The mucus-inhabiting bacterial community consists mainly of members of the class Gammaproteobacteria, particularly of the family Alteromonadaceae. These are known to establish tight associations with reef-building corals [1, 6]. Recently, Gammaproteobacteria of the genus Endozoicomonas have been shown to dominate the tissue microbiome of the coral Stylophora pistillata [34]. In our clone libraries, we also identified Endozoicomonas-related sequences recovered from the mucus of Porites astreoides. Another recent study has shown that Roseobacter, Alteromonas and Vibrio species are the most abundant taxa released by planulating Pocillopora damicornis colonies supporting the notion that their presence may be advantageous to the coral host [35]. In our study, Vibrio-related sequences were found in P. astreoides and O. annularis, Alteromonas was recovered from the mucus of S. siderea as well as from the sediment, whereas Roseobacter was not found. Overall, the mucus-associated bacterial community consists of members often associated with a copiotrophic lifestyle (e.g., Vibrio, Alteromonas), while in the ambient water Cyanobacteria and members of the order Rhizobiales dominated the bacterial community.

Our attempts to establish clone libraries for Archaea were not successful and hence, information on the phylogenetic composition of the archaeal community is lacking in this study. Previous studies, however, using the same primer pair (21F-915R) as we used for the archaeal T-RFLP approach, have retrieved representatives from both the Thaumarchaeota (former Crenarchaeota Marine Group I.1 assigned sequences) and Euryarchaeota [7, 11]. A metagenomic approach has recently shown that Thaumarchaeota are more abundant in sandy sediments than in coral reef waters [12]. While the studies of Wegley et al. [7] and Siboni et al. [11] on archaeal diversity were performed at the tissue level and reported a higher abundance of Thaumarchaeota than Euryarchaeota, Kellogg [2] studying coral surface mucus reported that Euryarchaeota are more abundant than Thaumarchaeota.

Microbial community profiling

Fingerprinting techniques such as T-RFLP have been applied in the past to describe bacterial assemblages in coral reef sediments [36] and to study the interspecific and spatial variation of coral-associated bacteria [18], and are still an alternative to state-of-the-art high-throughput sequencing methods when large sample sets need to be analyzed (to ensure proper replication and statistical power) and budgets are low [37]. Unlike next generation sequencing, which allows a deeper characterization of the community (see, e.g., [6]), the T-RFLP approach only resolves the most abundant microbial taxa, present at >0.1% of total community DNA [38]. Thus, the detection level of the T-RFLP approach does not resolve the rare component of the coral reef microbiome (sensu [39]). However, several recent studies comparing the two methods have shown that, regarding community structure and dynamics of the community, the same conclusions can be inferred from both approaches [40, 41]. Furthermore, our conservative approach using only the presence/absence of peaks in the electropherogram rather than peak height or area minimizes the potential impact of PCR biases but does not allow distinguishing the relative contribution of distinct OTUs for each individual sample. Nevertheless, the Hellinger transformation applied allows generating quantitative data representative of the relative dominance of the identified OTUs [42].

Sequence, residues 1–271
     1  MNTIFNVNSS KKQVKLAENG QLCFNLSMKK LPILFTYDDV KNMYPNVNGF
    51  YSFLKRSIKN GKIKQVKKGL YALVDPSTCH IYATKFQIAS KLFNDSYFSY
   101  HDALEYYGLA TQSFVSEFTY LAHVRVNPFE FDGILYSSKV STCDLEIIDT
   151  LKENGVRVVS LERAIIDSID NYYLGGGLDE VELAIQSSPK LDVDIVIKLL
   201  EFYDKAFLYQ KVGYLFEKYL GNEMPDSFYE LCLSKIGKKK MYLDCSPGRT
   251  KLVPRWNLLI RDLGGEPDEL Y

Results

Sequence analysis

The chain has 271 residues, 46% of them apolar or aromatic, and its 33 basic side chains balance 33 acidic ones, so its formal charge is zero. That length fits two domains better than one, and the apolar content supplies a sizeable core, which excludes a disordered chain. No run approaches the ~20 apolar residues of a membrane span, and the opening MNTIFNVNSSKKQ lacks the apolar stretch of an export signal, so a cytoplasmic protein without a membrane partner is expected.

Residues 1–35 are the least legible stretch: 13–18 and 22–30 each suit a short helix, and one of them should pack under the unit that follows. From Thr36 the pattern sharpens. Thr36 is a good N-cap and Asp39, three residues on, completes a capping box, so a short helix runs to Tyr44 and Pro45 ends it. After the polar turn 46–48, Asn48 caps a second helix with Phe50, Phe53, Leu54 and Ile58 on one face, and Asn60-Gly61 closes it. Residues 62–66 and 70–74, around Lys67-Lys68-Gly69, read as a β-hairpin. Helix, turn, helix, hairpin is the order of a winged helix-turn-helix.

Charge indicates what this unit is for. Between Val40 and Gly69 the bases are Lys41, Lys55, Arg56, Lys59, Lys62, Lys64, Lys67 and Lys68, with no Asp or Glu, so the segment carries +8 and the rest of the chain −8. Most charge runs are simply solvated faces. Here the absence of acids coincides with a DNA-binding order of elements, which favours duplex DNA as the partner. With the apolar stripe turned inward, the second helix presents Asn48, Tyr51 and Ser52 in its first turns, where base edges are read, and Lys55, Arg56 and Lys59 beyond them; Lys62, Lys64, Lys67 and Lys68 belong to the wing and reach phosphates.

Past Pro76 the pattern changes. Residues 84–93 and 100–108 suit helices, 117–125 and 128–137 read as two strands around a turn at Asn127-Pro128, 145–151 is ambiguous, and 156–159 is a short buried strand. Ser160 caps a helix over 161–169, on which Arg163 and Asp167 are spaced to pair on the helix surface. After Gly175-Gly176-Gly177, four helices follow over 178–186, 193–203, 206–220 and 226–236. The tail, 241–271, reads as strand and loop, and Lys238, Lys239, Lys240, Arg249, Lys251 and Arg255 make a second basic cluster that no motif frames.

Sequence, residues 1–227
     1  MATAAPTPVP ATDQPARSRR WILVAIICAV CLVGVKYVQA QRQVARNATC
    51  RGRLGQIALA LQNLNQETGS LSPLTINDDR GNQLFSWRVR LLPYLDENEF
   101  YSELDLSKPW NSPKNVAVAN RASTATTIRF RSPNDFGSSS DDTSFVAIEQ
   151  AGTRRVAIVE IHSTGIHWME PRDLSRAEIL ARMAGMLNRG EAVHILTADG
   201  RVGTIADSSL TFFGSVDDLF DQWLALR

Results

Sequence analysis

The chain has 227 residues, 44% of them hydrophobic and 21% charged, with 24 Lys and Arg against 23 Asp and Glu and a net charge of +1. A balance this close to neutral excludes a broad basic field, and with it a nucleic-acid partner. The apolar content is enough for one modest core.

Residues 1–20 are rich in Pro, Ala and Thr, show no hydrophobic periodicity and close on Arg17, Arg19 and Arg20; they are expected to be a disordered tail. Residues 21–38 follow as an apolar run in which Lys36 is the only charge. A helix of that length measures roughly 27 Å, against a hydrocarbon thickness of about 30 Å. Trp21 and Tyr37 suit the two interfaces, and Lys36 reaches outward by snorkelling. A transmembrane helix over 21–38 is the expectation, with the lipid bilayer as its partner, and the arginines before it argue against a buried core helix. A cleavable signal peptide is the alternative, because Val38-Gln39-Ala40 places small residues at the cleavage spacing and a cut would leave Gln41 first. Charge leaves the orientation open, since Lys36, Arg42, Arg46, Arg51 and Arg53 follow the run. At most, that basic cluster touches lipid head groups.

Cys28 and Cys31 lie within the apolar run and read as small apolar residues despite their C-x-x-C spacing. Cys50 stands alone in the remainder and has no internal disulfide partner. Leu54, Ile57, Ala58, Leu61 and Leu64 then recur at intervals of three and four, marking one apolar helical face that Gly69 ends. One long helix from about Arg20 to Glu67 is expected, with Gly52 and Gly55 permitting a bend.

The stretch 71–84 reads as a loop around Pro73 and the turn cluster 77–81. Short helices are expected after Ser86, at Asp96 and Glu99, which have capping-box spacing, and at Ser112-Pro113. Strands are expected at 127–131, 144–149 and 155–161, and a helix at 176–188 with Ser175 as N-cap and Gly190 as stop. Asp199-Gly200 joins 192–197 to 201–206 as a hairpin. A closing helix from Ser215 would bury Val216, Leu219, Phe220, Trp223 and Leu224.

Linking 16S rRNA gene sequence information obtained from clone libraries to the T-RFLP database [43] showed high reproducibility (with more than 97% of the variability in fragment length being explained by the in silico database, S3 Fig) and recovered significant taxonomic information contained in the community. Community profiling produced similar profiles (characterized by the CV of average fragment length and the proportion of invariable taxa) whenever closely related taxa were compared (S5 Fig), but this tendency was not pervasive under the family taxonomic level (which resolved peak length variability in a similar way to the genus level). In any case, the number of diagnostic peaks would probably have been further reduced under a higher sequencing effort of the clone libraries, since the chance of finding peak length redundancy would increase, particularly considering that the expected number of unseen seqOTUs is rather high when compared to the observed richness, and that the rarefaction curves are far from reaching a plateau.